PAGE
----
What was your initial thought when you first set eyes upon Lake Tahoe? Was it that this vast, alpine lake was beautiful and awe-inspiring? Did you dream that someday your children would play along its shores and swim in its crystal blue water? Although Lake Tahoe is brilliantly blue and pristine, its clarity is in peril. Conservation.Clearly. is the impetus behind the Lake Tahoe Environmental Improvement Program (EIP), the largest environmental restoration effort in Lake Tahoe’s history. Conservation.Clearly. is an investment in the future of Tahoe’s environmental and economic health as well as the quality of experience for all who live and play here. Of the $1.6 billion already invested, about one-third comes from federal partner agencies, one-third from state agencies, and one-third from the private sector including local property owners.
Conservation.Clearly. comes from the stewardship of every individual who knows and loves Lake Tahoe. From simply being mindful of local wildlife to supporting million-dollar river restoration projects, you can contribute to the preservation and protection of Lake Tahoe. You definitely can!
Best Management Practices (BMPs) and Defensible Space work together and whenever possible, wise homeowners choose to combine the work of both to help their properties become a working part of the ecosystem. Lake Tahoe’s forests are overcrowded and brush and small trees compete with larger trees for water and sunlight. Also, impervious surfaces like homes, driveways and roads abound and many homeowners clear their land to bare soil causing harful sediment and nutrients to flow into Lake Tahoe each time it rains. BMPs are proven methods of capturing stormwater and are required on all properties in the Region. For a free BMP site evaluation, and to find out which BMPs will work for your property, visit tahoebmp.org.
2. Use Native and Adapted Plants When Landscaping.
It’s important to make the right decisions about landscaping and gardening—don’t disturb native vegetation any more than you have to. Instead, strive for landscaping that is dominated by native or adapted plants as they require considerably less irrigation and fertilizer or pesticides than non-native species. The goal is to have healthy plants with roots that hold topsoil in place. Good planning will result in landscaping that’s useful, attractive and good for the environment.
3. Pave Your Driveway
Paving doesn’t always create negative impact. Sediments from even the most compacted dirt driveway wash into the nearest storm drain, and then into Lake Tahoe during a rainfall or snowmelt. Paving your driveway also reduces the amount of dust in the air during the summer months, another factor in the decline of Lake Tahoe water quality.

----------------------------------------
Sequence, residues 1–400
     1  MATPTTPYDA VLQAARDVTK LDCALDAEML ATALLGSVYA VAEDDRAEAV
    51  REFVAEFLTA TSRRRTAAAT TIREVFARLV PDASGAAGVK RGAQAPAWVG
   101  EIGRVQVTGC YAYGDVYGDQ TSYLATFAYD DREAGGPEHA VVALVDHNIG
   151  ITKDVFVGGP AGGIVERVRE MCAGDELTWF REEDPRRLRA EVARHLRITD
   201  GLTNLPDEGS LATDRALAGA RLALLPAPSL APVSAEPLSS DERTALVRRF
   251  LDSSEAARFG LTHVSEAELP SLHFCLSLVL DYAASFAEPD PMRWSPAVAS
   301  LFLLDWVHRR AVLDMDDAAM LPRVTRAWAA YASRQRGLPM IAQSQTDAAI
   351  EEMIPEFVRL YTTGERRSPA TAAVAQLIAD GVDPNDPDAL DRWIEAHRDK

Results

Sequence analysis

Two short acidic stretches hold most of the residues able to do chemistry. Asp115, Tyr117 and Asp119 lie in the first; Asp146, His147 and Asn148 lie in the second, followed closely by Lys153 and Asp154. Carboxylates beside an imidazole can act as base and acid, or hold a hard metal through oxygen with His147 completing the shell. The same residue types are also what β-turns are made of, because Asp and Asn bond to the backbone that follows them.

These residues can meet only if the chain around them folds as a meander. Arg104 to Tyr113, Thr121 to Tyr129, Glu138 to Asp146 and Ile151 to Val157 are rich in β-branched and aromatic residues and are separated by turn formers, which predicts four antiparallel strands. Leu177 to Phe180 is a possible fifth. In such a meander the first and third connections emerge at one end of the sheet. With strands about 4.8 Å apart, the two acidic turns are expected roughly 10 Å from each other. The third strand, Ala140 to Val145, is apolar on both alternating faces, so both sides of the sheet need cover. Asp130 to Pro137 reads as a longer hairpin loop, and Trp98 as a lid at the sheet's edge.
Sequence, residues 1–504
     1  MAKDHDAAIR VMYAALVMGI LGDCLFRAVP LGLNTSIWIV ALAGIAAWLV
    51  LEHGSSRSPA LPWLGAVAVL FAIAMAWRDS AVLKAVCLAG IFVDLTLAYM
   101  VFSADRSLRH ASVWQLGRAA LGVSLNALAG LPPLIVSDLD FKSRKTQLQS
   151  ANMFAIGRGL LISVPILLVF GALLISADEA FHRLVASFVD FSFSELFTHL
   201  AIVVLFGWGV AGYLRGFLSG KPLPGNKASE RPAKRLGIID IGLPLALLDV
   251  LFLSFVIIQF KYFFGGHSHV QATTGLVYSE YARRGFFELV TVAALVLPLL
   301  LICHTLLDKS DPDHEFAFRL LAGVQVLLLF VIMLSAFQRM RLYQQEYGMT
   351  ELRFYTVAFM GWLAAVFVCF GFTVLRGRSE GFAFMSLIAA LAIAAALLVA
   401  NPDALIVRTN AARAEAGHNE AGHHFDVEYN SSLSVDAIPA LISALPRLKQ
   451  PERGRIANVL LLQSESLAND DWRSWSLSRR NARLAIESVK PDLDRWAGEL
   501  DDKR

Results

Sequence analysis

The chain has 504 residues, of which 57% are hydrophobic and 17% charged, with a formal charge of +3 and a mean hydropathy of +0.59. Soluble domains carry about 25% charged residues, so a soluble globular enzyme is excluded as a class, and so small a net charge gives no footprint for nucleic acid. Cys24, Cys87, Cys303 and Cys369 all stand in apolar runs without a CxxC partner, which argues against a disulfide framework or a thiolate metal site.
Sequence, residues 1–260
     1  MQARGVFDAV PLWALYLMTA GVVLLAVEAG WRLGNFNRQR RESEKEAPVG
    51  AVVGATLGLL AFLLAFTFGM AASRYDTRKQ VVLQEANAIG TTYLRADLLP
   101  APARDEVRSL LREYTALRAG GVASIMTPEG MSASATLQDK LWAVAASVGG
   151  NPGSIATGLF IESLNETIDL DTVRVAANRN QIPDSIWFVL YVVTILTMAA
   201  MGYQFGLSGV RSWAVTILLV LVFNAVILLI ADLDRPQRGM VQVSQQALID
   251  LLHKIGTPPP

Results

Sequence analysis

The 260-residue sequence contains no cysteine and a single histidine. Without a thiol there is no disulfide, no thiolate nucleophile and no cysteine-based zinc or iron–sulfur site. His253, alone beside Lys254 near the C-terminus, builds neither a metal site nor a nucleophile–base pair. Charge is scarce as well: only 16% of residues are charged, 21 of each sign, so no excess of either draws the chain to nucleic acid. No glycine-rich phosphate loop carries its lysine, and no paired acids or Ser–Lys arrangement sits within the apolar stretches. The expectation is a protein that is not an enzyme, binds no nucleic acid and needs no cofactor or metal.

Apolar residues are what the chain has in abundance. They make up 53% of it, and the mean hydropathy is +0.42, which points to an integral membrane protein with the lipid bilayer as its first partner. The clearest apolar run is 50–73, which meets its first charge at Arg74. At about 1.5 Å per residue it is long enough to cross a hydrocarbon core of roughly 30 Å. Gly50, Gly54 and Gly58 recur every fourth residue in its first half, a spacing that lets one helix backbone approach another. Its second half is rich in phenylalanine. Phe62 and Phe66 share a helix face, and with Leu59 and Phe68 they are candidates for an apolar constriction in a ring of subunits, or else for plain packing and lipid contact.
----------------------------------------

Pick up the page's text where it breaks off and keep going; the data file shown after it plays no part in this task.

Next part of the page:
4. Replace Old Woodstoves
Wood smoke contributes to air quality problems at Lake Tahoe. If you have an old wood stove, look into purchasing a newer, EPA-certified stove or fireplace insert. These typically use half the wood to generate the same amount of heat as an old stove, so you’ll save money and help the environment.
5. Protect Wetlands
Many residential areas have stream environment zones (SEZs) meandering through them. An SEZ is a beautiful, delicate, irreplaceable stream environment that requires care and respect. While SEZs don’t necessarily incorporate a stream or creek, they are highly fragile areas that are extremely important in preserving water quality and fish and wildlife habitat. SEZs are typically located in low-lying areas with spongy soil and support deciduous trees.
6. Minimize Trips in Your Car
Reducing the number of trips you take in your car helps to preserve air quality and reduce traffic congestion. Excessive automobile use degrades air quality in the Basin and contributes to the decline in Tahoe’s clarity. When going short distances, get outside—take a hike, ride your bike, or hop on the bus!
Erosion from dirt roads and trails presents a serious water quality challenge. It’s important to tread lightly and stay on designated trails in order to minimize trail erosion. If you like the pristine beauty of an untrammeled wilderness, try to keep it that way by using just the well-marked trails, leave the faint trails to be reclaimed by the wild.
8. Be an Informed Boater.
Boating is an important aspect of Tahoe’s culture. Aquatic invasive species and boat engine emissions and dirty bilges, however, are among the serious environmental threats directly associated with boating. Informed boaters show up at the boat ramp with a Clean, Drained, and Dry vessel for their watercraft inspection. They also know that carbureted two-stroke engines are banned from the Lake. Only cleaner, direct fuel-injected two-stroke engines are allowed, and we encourage the use of four-stroke engines. Observe the 600-foot no-wake zone around the shoreline of Lake Tahoe and limit speeds to 5 miles per hour within 600 feet of the shoreline. Following these guidelines will minimize shoreline erosion and the noise impacts of motorized watercraft on residents, visitors, and wildlife.
9. Pick up Trash
Every cigarette butt or scrap of paper eventually ends up in Lake Tahoe. Pick up any trash you see, even if it’s not your own!
10. Be a Responsible Pet Owner
Educate yourself on the trails and shoreline areas around Lake Tahoe that are dog friendly. Always clean up after your pet and try to keep them on the trails in order to minimize their impact on soil and native plants.